Movie Review: The King's SpeechBy James Beale
February 25, 2011
"The King's Speech" is the type of film that wins Oscars. With 12 nominations and a host of Best Picture awards in the past few months, it seems destined to sweep March's ceremonies.
And it's tough to disagree. While "The Social Network" may be praised for its modernity and "Inception" for its inventiveness, "The King's Speech" is undoubtedly a great film.
However, because the film is a historical drama and the climax involves a man with no power speaking into a microphone, many audience members may take that against the film. They should not.
Like most great films, there is a deep study of two personalities in contact. Albert, played by Colin Firth, is the Duke of York and has a speech impediment. Lionel Logue, played by Geoffrey Rush, is a speech therapist.
But their relationship transcends business, years, and traditional societal bounds.
Firth and Rush both are excellent, as is Albert's wife (Helena Bonham Carter).
The film starts a little slowly, but picks up considerably following the death of George V (Michael Gambon). Bonham Carter is incredibly understated, with her character balancing multiple conflicts in the background.
It's amazing that this story hasn't already been told. There was a lot going on in the 1930s, including Edward VIII's ascension and resignation and Hitler's rising power in the east. But director Tom Hooper and writer David Seidler wisely keep these stories in the background, which influence the narrative but never overtake it.
These stories are developed in part by not mentioning them. Dates flash in the right-hand corner of the screen, and even though Hitler is barely mentioned until the end of the film, the audience knows war is coming in 1939, and a man must be able to convince the world that it is a worthwhile fight.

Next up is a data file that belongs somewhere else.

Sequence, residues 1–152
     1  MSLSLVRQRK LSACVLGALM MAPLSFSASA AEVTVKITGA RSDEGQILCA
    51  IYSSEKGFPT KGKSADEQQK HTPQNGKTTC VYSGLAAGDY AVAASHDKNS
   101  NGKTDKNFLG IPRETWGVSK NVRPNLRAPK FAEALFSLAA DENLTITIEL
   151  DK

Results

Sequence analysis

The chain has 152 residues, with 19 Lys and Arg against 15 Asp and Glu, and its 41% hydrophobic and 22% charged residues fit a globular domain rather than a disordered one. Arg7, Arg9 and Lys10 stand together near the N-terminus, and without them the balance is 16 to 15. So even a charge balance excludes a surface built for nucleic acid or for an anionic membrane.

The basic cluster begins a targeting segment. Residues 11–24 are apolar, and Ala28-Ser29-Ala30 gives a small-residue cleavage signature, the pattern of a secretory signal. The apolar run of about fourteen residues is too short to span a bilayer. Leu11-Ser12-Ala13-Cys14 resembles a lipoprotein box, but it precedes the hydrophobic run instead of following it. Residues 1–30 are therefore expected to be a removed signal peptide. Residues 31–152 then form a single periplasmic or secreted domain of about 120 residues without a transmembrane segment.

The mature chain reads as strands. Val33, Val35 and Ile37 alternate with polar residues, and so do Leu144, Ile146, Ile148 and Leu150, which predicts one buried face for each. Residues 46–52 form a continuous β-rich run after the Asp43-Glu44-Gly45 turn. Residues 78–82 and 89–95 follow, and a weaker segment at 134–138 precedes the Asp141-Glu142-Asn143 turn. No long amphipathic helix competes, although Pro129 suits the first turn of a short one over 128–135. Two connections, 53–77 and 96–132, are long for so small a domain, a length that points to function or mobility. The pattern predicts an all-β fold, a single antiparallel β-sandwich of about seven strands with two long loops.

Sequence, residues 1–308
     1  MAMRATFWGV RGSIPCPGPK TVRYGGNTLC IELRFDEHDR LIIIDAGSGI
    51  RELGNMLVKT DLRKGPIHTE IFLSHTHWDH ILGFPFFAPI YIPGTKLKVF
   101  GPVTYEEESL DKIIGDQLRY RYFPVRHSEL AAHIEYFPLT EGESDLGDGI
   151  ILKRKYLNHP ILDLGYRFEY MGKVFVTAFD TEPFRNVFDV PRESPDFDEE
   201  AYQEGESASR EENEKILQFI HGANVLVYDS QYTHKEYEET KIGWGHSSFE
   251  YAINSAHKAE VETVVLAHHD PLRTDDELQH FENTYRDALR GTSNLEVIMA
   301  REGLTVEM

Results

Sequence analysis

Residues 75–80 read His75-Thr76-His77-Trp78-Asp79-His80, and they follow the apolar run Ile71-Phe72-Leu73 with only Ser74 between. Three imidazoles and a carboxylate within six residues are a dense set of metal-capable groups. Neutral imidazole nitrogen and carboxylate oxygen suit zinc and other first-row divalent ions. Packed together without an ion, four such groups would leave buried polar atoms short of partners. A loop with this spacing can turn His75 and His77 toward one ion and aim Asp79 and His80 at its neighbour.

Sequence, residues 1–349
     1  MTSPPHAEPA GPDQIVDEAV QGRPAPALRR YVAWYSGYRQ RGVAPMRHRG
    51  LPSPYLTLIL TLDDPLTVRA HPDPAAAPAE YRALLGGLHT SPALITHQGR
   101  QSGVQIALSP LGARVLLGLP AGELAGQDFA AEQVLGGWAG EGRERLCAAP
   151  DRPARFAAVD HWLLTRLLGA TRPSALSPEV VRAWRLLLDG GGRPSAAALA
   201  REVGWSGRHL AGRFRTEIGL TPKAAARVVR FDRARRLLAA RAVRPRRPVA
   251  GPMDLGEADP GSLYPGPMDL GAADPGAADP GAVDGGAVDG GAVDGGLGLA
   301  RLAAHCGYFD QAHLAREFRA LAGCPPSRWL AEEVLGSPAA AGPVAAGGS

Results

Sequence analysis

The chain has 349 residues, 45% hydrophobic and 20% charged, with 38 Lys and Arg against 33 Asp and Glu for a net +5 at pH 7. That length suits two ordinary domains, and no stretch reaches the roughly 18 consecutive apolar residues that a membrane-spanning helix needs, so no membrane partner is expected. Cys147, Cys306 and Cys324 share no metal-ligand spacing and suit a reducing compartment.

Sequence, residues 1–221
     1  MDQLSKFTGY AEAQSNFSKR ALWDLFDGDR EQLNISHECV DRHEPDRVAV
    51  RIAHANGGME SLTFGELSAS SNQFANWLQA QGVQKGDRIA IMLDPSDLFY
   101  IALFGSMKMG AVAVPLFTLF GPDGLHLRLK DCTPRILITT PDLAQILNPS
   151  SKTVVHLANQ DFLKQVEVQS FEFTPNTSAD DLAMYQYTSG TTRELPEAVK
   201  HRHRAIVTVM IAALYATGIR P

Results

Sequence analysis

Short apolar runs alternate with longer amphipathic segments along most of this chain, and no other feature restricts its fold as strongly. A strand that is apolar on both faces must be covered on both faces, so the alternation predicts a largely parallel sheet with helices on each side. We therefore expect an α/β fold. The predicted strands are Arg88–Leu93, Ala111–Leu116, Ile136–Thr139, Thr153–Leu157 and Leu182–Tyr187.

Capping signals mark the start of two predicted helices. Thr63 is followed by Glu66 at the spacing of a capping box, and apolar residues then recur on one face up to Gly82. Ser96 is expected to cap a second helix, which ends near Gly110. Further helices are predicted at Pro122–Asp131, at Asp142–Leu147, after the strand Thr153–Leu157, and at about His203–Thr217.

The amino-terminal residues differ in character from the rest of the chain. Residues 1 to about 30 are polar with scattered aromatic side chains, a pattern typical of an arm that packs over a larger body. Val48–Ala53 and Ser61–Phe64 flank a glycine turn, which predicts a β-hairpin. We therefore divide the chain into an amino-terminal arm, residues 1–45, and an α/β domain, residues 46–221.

Some scenes are particularly difficult to watch, including the opening scene. It reminded me it doesn't take gore to make you uncomfortable in the movie theater. Even with these awkward scenes, the script takes measures to prevent the audience from ever feeling pity for the British monarch, which is a key element in Albert's own struggle.
In addition to the excellent relationships, the film is well-shot, relying on many interior shots to create a mood of constriction. Hooper perhaps over-directs the film with his use of framing and angling, since it has so many fine performances already, but it ultimately adds to the product.
The film merits an R rating due to two scenes with a stream of language, but these scenes are essential. Parents should not be dissuaded by the rating, nor should 20-somethings be dissuaded by the subject. "The King's Speech" may not be as current or as inventive as other films this year, but it's just as good.
"The King's Speech" is playing at The Lyric Feb. 18 and from Feb. 20 to March 3.